Government actions

    OSHA’s current standard sets the permissible exposure level for beryllium at two micrograms per cubic meter of air — based on industrial hygiene measures first implemented in 1949. OSHA’s PEL is akin to putting a marble-sized piece of beryllium in a box six feet high and a mile long and a mile wide, as described in the Chicago Tribune report.

    Since 2000, all DOE sites with potential beryllium exposures to workers have been required to implement stricter controls. DOE’s rule sets out an “action level” that triggers mandatory worker protection measures at 0.2 micrograms of beryllium per cubic meter of air. Like most toxic health risks in the workplace, attention to beryllium focuses on inhalation exposures. (It should be noted DOE sites are required to measure beryllium in air filter and surface wipe samples to guard against release of materials from beryllium-controlled areas.)

    Dermal risks not assessed

    “(Beryllium) is one example of many where dermal exposure risk assessment is not common,” says Dr. Jeffrey S. Duffy, CIH, industrial hygiene manager for Nextteq, LLC, which manufactures the only colorimetric spot-check swipe for beryllium now on the market. The question of how much skin contact with beryllium dust particles creates a risk has not been well studied, says Dr. Duffy.

    More broadly, not a lot is known about surface contamination risks of many toxic substances because ingestion and inhalation have been considered more significant pathways of exposure in general industrial hygiene and toxicology practice, he explains.

    But monitoring and controlling surface contamination is important — not just for beryllium, but for many toxic substances that take the form of dust particles — due to the risk of particles becoming airborne and being inhaled.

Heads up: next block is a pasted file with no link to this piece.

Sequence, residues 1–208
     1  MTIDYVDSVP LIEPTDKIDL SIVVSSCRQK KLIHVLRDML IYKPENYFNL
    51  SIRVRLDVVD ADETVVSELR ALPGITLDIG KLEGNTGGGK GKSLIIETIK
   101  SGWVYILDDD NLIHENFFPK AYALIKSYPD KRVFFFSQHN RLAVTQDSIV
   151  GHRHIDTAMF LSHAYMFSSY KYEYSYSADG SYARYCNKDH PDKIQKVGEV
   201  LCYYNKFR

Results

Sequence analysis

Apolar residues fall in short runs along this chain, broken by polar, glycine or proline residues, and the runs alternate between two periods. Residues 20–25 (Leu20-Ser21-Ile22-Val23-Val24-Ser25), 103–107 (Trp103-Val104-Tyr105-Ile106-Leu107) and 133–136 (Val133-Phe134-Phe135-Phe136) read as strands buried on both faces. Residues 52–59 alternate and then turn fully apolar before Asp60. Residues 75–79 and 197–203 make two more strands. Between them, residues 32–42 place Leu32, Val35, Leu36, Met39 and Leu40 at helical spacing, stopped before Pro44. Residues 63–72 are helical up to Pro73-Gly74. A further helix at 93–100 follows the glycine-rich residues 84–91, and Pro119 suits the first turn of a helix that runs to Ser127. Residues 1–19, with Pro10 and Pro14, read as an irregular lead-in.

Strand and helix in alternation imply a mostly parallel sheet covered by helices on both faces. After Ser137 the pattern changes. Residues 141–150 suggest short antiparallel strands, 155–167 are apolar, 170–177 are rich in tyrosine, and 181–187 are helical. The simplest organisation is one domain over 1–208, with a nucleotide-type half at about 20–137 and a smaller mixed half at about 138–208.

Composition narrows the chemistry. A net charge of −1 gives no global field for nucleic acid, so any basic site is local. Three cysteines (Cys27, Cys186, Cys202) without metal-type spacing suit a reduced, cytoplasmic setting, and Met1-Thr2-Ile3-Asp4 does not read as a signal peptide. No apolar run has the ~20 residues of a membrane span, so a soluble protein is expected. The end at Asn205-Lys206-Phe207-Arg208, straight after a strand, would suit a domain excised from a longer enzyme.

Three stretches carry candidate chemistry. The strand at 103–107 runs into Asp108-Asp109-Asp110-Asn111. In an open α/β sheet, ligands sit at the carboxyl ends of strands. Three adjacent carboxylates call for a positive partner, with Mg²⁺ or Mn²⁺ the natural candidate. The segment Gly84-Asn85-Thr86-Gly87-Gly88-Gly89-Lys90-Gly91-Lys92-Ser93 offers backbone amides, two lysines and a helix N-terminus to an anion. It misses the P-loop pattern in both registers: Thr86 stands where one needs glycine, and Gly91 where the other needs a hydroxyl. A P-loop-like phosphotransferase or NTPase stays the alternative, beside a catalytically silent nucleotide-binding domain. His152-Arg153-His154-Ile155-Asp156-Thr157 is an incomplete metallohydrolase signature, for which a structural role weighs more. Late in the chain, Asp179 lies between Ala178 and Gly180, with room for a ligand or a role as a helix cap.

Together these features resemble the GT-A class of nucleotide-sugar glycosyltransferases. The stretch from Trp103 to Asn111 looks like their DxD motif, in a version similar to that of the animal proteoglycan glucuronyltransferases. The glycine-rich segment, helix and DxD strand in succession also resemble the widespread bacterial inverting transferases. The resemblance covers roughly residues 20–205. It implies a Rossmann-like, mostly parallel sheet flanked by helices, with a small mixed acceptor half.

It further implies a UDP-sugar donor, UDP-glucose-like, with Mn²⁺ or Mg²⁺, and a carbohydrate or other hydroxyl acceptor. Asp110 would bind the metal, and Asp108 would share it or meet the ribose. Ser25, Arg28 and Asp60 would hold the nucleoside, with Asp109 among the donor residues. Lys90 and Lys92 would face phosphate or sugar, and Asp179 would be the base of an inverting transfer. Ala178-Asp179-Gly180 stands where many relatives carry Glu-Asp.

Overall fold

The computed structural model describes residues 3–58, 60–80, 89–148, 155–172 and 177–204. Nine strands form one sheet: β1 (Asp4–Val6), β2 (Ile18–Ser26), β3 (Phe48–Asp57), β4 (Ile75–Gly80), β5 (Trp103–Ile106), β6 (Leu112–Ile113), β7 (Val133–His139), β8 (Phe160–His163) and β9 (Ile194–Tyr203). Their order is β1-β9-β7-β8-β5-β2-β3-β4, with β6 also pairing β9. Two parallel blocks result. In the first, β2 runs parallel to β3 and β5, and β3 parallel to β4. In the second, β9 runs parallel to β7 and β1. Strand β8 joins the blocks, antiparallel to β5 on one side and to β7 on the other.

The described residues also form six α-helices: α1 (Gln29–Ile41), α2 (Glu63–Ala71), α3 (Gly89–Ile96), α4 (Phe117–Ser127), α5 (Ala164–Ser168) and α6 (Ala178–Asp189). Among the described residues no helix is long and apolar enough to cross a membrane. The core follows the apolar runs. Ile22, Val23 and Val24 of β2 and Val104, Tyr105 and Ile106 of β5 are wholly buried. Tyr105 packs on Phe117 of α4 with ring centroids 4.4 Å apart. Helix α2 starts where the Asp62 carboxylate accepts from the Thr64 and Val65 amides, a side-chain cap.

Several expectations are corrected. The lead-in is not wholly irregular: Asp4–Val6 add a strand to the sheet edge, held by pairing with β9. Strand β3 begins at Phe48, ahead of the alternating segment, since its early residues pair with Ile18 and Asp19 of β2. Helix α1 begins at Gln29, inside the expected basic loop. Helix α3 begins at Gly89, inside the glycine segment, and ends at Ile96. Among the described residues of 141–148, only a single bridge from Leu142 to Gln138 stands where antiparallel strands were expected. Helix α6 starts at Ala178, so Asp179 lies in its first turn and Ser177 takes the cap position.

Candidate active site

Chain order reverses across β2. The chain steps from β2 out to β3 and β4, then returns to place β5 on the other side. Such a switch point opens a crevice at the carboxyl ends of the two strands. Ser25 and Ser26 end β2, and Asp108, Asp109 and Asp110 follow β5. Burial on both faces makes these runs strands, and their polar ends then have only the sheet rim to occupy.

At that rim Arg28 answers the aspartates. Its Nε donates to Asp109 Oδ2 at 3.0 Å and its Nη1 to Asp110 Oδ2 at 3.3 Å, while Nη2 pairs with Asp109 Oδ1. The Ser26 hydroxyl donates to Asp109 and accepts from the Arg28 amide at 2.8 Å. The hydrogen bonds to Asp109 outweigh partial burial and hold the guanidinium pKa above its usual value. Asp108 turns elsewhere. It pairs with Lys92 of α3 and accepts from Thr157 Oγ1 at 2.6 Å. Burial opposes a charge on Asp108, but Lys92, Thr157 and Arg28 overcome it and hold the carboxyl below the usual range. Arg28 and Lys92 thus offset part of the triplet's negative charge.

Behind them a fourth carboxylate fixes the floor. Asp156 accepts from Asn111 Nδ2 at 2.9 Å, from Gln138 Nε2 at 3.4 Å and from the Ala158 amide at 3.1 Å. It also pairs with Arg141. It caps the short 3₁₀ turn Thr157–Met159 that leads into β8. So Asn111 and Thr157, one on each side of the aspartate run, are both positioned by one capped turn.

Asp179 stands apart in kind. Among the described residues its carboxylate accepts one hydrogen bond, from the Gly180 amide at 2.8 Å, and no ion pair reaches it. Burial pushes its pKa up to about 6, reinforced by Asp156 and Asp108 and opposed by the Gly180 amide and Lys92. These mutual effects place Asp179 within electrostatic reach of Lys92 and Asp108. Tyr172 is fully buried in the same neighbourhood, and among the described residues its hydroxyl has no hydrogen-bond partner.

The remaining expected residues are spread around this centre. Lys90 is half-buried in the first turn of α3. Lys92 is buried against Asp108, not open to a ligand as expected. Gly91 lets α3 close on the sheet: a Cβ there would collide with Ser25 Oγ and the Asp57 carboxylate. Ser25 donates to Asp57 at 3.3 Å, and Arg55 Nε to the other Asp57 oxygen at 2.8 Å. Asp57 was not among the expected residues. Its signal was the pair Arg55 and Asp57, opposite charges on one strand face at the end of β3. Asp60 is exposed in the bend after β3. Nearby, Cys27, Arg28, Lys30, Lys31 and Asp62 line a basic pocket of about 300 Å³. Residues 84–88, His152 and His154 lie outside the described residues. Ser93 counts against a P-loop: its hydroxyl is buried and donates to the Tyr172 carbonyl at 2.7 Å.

(According to ATSDR, beryllium will not enter your body from skin contact with the metal unless the skin is scraped or cut and beryllium particles become imbedded in the wound.)

    Take-home risks

    Another risk is airborne particles clinging to work clothes and being carried home. In 1999, NIOSH found beryllium contamination in the personal vehicles of beryllium machine shop workers in Alabama. Workers at this facility were allowed to wear their work shoes outside of the machine shop.

    In 1999, OSHA issued a hazard information bulletin on beryllium that encouraged hygiene controls, including showers and separate work clothes. But OSHA doesn’t require companies to have beryllium-exposed workers shower or change clothes.

    Several studies have documented cases of chronic beryllium disease occurring in the spouses of beryllium workers, according to ATSDR. Shaking beryllium–contaminated work clothes can produce 0.3 µg/m3 of beryllium, according to one report. In 1980, a spouse of a beryllium plant worker was diagnosed with chronic beryllium disease. She laundered contaminated clothing at home after her husband was injured at the plant and she toured the plant, according to ATSDR.

    Due to the unknowns associated with assessing the risk of beryllium surface contamination and the reports of chronic beryllium disease among family contacts, prudent public health practice calls for preventing the spread of beryllium dust through the use of hygiene, housekeeping, work practice and engineering controls, states ATSDR.